Thursday, February 23, 2012

Apocalyptic Fishing II

Alert!  303 days remain until the end of the Mayan calendar on December 21st.  Yes, some experts do believe it's actually December 23rd, in which case we still have a very comfortable 305 days left.

It is now time for the second installment of Apocalypse Gear - the feature that helps you, the angler, prepare for zombies.  Today's episode is a double feature, and starts out with rod selection.

You'll want to travel light with the undead roaming freely around your favorite waters, so it may make sense to select just one fly rod that can do it all.  My pick is the aptly named Sage One, in a 796-4.  This stick will handle everything - trout, steelhead, muskie, bass, salmon - and it won't shun light saltwater duty either.  As an added bonus, the rod tube is solid enough to use as a bludgeon and will never give your position away with unwanted reflections due to the matte black coating.

Extrema Ratio 58 HRC Golem

It's a good idea, even pre-doomsday, to have access to a few handy pieces of cutlery when in the outdoors.  As survival knives go, I haven't found anything better than the Extrema Ratio Golem for taking into the back country.  The blade is 58 HRC stainless cobalt steel, an alloy that is often used for cutting other steel.  It stands up very well to chopping and prying, where knives that focus strictly on sharp edges often fall short.  The Golem has a tanto point, and the blade is partially serrated making tasks like rope cutting a snap.  It also offers a robust dorsal saw that, while definitely requiring some effort, cuts very well.  Even the lanyard loop is a solid piece of hardware than can be used for striking, glass breaking, etc.

Parry...Parry...Thrust...Cast  - Good!

Friday, February 17, 2012

Apocalyptic Fishing

As Fly to Water has alertly reported in several recent posts, the Mayan calendar ends this year.  The most likely cause of this situation is that the company building the calendar misrepresented it's financial statements, resulting in dramatic stock price deterioration and subsequent layoffs.  All of the Mayan executives, or chiefs, retired to the Caymans.  Calendar-building laborers were then faced with a large spike in temple foreclosures and ultimately relocated, leaving all the post-2012 work unfinished.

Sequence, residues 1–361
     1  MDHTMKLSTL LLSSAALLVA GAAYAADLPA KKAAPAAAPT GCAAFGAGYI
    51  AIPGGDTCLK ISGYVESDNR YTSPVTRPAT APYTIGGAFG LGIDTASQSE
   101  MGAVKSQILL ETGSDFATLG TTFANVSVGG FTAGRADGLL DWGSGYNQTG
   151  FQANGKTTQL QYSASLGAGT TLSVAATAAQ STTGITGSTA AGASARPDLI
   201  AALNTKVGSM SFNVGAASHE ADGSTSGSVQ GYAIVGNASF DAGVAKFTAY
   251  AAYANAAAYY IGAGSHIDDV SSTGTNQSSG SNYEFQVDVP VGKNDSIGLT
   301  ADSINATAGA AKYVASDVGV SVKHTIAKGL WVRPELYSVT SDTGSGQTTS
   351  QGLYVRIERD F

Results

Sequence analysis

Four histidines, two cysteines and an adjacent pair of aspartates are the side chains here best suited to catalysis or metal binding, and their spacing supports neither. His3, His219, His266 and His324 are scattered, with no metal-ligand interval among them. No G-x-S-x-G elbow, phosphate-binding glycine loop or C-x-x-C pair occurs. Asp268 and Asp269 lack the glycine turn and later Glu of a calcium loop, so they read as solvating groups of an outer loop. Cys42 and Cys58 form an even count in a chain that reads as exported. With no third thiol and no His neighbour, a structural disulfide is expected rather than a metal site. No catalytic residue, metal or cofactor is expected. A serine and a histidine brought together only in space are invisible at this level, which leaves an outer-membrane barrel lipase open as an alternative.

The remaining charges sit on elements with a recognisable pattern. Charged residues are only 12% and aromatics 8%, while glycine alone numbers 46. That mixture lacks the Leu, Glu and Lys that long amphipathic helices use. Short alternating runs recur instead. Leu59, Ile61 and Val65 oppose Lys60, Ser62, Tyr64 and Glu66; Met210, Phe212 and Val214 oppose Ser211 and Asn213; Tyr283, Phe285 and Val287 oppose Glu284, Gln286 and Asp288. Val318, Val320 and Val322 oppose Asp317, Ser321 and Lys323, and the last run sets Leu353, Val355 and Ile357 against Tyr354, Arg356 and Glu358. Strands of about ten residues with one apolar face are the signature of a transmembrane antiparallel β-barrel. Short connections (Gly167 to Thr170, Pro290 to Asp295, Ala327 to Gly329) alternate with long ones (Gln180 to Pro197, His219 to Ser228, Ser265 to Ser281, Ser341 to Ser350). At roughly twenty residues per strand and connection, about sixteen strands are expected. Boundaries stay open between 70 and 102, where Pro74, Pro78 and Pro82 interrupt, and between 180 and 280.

Alternatively, some kind of zombie apocalypse is going to take place this December.  The dead rising from the grave, human sacrifice, dogs and cats living together...MASS HYSTERIA.

While the media has buried its teeth in this topic like a gila monster on ankle flesh, the most important consideration has been totally ignored: How are we going to fly fish when the end of days arrives?

As a public service, I hereby offer up a series of posts containing gear ideas and recommendations for apocalyptic fishing.

Apocalyptic Fishing - 5.56 Nato Edition

First and foremost - at the moment of truth you don't want the heartbreak of reaching for your ammo and pulling out your flies instead.  My world's first concept combines a waterproof fly box with 5.56 Nato assault rifle ammunition.  One swift grab into the sling pack, and you've got access to Copper Johns and copper-jacketed .223 hardball.

Get some!

Sunday, February 5, 2012


If you are a dog owner you know that one of the 3 perils of the uplands is the North American Porcupine, or Rodent Of Unusual Spikiness.


Having a pup get a face full of quill pig is no fun, as I can personally attest.  Yesterday I was out in the field without dogs, looking for raptors with JayMorr.  When you don't have to worry about your pointers, these can be fascinating creatures to watch.

Sticky Situation

Ambling about in the unconcerned manner of an animal coated in acupuncture needles, Porky is easy to approach.  While the concept that quills can be launched is a myth, porcupines still have a chip on their shoulders because they place 3rd on the list of large rodents behind the capybara and beaver.  No one likes to be number three.  Use a little caution - as they will swat you with their tails if given the opportunity.

As wildlife goes, the quill pig is a relatively easy subject to photograph once located.  The main consideration is not to be lazy and fire away from a standing position (which creates an awkward, downward-looking perspective).  Go ahead and get dirty.  Sitting, laying on your side propped up with an elbow, or going prone are all options that will put you at eye level with the subject for a more engaging image.

Porcupine Portrait

It's hard to believe it's February out there with highs in the 45° F range, no snow at mid-elevations, and copious sunshine while it should be the dead of Winter.  I for one am not complaining.